Slow violence in a digital world: Tarahumara apocalypse and endogenous meaning in Mulaka

Research output: Chapter in Book/Report/Conference proceedingChapterpeer-review


The Tarahumara people of Northern Mexico are not strangers to environmental degradation. As recently as 2017, they witnessed the assassination of environmental activist leaders in their community who protested illegal logging and continue to survive a decade-long drought that exemplifies the environmental degradation brought on by climate change. With a Latin American games industry that mostly facilitates American, Canadian, and European games and a Latinx population represented, but for the most part scattered, through Northern game companies, neither of which particularly promotes uniquely Latinx themes or environments in games, Chihuahua-based game development team Lienzo seeks to raise awareness of Tarahumara culture and folklore through the video game Mulaka. Deploying industry-standard mechanics reifying certain forms of violence, the game’s endogenous meaning nonetheless conveys an ecocritical message about slow violence-Rob Nixon’s term-and the outcome, should we chose inaction. Indigenous games like Mulaka demonstrate that in spite of being plagued by many forms of toxicity, our deeply interconnected lands and peoples are worth fighting for.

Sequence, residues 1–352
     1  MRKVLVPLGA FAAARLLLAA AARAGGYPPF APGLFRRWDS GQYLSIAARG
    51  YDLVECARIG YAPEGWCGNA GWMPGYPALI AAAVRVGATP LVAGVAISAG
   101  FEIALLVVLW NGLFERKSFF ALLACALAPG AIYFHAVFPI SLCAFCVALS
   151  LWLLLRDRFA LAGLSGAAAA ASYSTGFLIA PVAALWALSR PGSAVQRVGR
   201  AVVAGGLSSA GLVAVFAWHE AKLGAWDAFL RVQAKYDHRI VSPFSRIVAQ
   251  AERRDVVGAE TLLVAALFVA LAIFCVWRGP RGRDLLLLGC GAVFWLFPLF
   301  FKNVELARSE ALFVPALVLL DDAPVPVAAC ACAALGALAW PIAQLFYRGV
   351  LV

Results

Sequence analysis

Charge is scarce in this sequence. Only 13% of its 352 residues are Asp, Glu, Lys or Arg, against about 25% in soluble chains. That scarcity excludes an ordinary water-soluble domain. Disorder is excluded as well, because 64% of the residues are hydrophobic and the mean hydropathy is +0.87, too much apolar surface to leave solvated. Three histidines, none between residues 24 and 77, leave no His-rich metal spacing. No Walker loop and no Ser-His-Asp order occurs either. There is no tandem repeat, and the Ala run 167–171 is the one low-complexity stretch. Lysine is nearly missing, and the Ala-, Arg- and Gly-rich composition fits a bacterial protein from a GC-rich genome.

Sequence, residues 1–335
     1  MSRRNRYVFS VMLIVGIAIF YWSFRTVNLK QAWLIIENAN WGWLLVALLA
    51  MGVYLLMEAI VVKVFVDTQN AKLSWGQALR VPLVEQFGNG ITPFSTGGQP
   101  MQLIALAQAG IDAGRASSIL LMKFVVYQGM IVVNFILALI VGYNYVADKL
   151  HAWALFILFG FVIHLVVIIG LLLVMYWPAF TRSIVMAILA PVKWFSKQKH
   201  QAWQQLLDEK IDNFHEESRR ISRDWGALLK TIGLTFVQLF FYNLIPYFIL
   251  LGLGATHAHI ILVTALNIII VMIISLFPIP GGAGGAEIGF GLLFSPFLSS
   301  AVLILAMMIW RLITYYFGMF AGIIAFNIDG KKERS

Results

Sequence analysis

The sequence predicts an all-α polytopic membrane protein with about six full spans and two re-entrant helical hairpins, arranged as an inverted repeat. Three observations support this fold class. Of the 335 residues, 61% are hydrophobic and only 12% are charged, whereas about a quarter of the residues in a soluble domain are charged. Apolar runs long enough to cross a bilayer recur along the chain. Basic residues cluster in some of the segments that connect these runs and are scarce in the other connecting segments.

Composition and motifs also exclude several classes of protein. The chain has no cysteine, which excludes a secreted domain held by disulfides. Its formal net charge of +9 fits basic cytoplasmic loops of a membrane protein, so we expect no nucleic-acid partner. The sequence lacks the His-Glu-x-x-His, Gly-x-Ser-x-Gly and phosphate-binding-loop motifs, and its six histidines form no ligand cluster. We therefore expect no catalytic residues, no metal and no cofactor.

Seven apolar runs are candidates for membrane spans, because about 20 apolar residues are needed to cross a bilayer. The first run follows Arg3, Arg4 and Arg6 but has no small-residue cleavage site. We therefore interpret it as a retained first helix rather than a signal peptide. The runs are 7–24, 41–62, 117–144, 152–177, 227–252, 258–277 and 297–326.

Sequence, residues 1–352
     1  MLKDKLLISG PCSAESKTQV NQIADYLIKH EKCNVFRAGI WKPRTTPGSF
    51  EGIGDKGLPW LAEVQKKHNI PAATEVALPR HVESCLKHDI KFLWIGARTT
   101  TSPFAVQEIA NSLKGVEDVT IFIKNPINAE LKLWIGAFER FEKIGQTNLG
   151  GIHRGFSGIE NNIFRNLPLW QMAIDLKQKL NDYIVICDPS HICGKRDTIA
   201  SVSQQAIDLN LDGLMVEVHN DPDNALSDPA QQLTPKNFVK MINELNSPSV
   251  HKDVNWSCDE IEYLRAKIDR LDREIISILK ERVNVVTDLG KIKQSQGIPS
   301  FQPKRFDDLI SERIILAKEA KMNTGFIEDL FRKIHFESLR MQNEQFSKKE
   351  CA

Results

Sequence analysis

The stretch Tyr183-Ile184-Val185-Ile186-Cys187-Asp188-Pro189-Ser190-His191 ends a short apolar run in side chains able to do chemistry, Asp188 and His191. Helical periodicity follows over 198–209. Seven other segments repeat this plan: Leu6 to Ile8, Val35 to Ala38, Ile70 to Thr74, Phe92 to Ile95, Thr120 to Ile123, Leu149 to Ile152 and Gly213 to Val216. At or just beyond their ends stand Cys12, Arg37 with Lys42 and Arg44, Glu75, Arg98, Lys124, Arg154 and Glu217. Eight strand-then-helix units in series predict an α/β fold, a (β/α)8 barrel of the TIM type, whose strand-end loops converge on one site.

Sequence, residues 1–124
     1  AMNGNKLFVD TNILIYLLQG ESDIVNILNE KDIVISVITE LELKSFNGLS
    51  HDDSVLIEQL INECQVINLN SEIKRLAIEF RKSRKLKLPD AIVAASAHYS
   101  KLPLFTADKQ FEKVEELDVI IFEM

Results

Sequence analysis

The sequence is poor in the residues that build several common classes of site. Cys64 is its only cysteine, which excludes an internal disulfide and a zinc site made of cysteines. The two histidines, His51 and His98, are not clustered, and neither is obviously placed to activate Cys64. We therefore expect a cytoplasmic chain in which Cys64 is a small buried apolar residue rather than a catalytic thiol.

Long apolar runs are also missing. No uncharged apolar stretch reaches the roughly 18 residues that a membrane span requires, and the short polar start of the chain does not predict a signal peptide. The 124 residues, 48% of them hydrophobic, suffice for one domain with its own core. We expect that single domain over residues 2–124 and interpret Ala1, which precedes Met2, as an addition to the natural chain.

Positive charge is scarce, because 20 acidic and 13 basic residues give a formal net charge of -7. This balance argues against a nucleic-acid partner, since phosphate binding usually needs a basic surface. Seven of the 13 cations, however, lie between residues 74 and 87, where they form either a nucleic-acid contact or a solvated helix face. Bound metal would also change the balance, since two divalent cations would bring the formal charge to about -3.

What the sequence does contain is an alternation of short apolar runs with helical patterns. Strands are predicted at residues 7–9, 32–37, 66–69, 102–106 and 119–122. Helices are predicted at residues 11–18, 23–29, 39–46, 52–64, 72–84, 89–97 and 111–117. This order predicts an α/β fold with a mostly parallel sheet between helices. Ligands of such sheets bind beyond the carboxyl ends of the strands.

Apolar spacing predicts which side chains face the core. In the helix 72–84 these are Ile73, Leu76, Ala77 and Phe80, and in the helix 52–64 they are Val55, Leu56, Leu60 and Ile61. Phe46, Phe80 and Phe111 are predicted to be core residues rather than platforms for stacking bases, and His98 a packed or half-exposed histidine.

Original languageEnglish
Title of host publicationEcofictions, Ecorealities, and Slow Violence in Latin America and the Latinx World
EditorsIlka Kressner, Ana María Mutis, Elizabeth Pettinaroli
Place of PublicationNew York
PublisherTaylor and Francis - Balkema
Number of pages19
ISBN (Electronic)9781000752885
ISBN (Print)9780367426712
Publication statusPublished - 2020
Externally publishedYes

Publication series

NameRoutledge studies in world literatures and the environment


  • Tarahumara
  • environmental degradation
  • Mulaka
  • climate change
  • games
  • slow violence


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